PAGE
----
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Good Work its Own Reward?

Report finds high turnover, low pay, and educated workforce in non-profit sector

by Ben Sichel

Good Work its Own Reward?

Workers in Nova Scotia’s non-profit sector are poorly paid, highly educated, and frequently leaving their jobs, according to a new study conducted for the Federation of Community Organizations and Phoenix Youth Programs.

60% of non-profit workers – of whom 87% are women – earn less than $40,000 a year, and 94% earn less than $60,000 “at all levels,” according to Miia Suokonautio, director of programming at Phoenix Youth Programs and co-chair of the study.

As well, three quarters of non-profit employees in the province hold at least one university degree, compared to 45% nationally.

“Where there may be a public perception that…good will is enough” to work in the non-profit sector, says Suokonautio, “the complexity, and the level of service delivery and community involvement required from non-profits actually has more and more people having university degrees.”

While many do not think of the United Way, home care services for seniors, the Boys’ and Girls’ Club and the Ecology Action Centre as an employment sector, non-profits actually employ more Nova Scotians than traditional sectors like manufacturing or construction, says the report.

As well, the non-profit sector is key to community health and vitality, says Suokonautio.

“When you think of the community without the little league team, or without the home support services for seniors, or without the programs for immigrants and newcomers to help them settle, without services for homeless adults, you start to see a significantly impoverished Nova Scotia,” she says.

“And in rural Nova Scotia, what we heard from our research is that in some communities it’s really the lifeblood.”

Low pay and instability of funding were directly related to another common problem in the non-profit sector: high employee turnover rates. 60% of current non-profit employees have been in their positions less than two years, according to the report.

This phenomenon has a highly unsettling effect on those receiving services, says Suokonautio.

“If every two years you had to change your family doctor…the impact is huge,” she says.

Suokonautio adds that Nova Scotians should be aware of the excellent value they get from investing in the non-profit sector. “We do things that the market would never do because there’s no financial incentive, and we do things cheaper than if the government were to do it,” she says.

“We know that the provincial government is facing cuts,” she says. However, “cuts to some places will actually mean more costs, so it doesn’t necessarily make sense to cut up front…if you cut some of the essential services…the cost for justice, the cost for health care, are likely to go up.”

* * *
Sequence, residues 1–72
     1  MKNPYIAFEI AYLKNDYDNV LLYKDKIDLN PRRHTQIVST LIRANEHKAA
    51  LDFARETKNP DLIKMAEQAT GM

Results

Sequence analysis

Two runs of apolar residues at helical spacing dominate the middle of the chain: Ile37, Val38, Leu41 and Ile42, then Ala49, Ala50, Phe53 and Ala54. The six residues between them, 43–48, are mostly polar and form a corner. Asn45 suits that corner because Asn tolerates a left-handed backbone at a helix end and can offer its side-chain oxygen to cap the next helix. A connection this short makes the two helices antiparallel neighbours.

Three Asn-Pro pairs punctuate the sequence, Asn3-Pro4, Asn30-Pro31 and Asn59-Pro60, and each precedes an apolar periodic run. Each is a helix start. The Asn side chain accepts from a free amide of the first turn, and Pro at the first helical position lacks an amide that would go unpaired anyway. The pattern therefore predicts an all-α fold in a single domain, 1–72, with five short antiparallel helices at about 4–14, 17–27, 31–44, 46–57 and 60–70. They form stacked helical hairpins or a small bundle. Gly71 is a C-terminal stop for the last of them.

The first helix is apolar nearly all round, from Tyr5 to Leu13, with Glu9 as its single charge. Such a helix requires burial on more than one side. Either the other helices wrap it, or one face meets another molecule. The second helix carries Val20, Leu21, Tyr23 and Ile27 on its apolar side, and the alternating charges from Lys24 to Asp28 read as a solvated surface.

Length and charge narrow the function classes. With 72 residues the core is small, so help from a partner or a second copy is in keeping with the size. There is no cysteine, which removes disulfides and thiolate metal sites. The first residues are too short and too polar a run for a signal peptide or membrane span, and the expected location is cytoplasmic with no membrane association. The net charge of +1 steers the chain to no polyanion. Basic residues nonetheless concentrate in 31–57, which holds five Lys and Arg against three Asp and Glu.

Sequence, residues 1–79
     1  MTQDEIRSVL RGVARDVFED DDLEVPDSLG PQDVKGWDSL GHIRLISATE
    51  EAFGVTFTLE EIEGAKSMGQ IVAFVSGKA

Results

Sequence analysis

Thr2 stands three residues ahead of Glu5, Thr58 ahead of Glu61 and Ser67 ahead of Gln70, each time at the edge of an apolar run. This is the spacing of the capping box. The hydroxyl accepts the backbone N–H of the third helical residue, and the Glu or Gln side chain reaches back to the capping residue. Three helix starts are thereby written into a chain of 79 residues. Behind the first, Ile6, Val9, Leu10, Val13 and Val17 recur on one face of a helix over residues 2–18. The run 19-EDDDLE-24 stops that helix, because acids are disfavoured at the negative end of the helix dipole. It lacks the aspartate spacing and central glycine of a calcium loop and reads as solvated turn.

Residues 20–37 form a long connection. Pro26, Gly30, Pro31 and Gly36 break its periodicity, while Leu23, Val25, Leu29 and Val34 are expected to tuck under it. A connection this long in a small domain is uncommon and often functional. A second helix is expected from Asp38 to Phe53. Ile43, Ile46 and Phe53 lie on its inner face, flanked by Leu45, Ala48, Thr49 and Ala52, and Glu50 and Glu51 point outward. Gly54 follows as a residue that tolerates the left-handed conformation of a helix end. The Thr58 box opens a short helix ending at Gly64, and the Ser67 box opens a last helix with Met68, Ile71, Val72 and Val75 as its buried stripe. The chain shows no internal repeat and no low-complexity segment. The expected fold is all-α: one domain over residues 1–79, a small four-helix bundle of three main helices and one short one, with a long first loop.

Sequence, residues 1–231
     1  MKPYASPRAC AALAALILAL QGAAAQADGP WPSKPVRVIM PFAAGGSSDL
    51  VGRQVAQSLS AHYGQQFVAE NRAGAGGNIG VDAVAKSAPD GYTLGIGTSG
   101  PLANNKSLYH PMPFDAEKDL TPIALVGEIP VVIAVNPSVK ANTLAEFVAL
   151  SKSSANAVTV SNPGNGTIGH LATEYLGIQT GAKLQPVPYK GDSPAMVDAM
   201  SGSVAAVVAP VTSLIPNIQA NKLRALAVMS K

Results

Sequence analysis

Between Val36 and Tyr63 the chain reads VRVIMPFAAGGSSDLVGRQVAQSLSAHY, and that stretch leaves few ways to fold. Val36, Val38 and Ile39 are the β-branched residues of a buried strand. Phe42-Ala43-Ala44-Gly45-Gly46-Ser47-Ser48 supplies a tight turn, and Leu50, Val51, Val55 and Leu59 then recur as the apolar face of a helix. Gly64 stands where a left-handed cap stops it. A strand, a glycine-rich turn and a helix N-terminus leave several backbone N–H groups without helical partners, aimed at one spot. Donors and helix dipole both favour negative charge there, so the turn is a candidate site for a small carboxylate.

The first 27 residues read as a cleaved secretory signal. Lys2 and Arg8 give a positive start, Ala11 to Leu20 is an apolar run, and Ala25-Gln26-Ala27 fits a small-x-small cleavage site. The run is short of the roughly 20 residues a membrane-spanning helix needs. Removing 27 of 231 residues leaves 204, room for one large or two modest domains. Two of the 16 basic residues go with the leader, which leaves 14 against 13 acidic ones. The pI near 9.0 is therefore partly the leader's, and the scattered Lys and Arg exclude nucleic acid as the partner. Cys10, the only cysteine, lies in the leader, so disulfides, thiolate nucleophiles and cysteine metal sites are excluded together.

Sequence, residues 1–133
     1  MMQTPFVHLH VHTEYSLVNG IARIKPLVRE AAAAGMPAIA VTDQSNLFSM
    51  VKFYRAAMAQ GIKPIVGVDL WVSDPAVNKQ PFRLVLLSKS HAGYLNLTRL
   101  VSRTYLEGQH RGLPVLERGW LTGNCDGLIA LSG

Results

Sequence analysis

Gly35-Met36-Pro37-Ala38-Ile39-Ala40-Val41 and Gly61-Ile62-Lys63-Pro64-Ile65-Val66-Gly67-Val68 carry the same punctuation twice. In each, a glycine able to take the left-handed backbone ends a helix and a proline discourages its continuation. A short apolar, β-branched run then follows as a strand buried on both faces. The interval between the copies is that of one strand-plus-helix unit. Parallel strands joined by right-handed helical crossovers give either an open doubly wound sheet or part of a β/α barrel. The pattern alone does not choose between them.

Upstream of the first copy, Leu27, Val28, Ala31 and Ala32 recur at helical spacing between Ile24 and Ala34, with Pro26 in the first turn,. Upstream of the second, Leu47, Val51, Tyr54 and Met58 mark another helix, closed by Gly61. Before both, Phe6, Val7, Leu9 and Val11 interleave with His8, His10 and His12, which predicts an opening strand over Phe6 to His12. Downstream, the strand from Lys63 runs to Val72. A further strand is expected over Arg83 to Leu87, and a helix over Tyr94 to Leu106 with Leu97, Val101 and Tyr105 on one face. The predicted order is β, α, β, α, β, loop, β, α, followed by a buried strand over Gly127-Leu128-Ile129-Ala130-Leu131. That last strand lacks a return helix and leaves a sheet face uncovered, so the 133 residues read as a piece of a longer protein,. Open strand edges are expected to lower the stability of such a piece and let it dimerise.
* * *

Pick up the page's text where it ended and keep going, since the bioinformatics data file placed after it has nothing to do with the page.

The research findings will be presented at a conference with provincial labour minister Marilyn More today in Dartmouth.

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Testing ground?

I work (sometimes) in the non-profit sector.  For me it's definitely not about the money.  Though I am fortunate that I managed to pay off my small amount of student loans early in my non-profit adventuring. 

I think the most attractive thing for me about working in the non-profit sector is that you are your own boss to a certain degree.  You may run a program and for the most part get to make the decisions and put in new funding applications.  It's also a chance to be creative.  I live very frugally so it's not a big deal to be paid less.  Success isn't only measured by one's salary as much as our culture teaches us it is.

Another comment is that in my experience younger people start out working for non-profits straight out of university or after a few years.  Then they do their time and are eventually poached by muncipalities or other governments where they make the big bucks.  Perhaps the non-profit sector is a testing ground for future civil servants.  Though, apart from the wage, imagine how tedious working for the municipality or province must be? 

But this just happened to a close friend in another city.  The good news is that she'll pay off her student loans.  The bad news is that I'm sure she'll be miserable in such a stifling environment.  But that's just my perception and I could be dead wrong.

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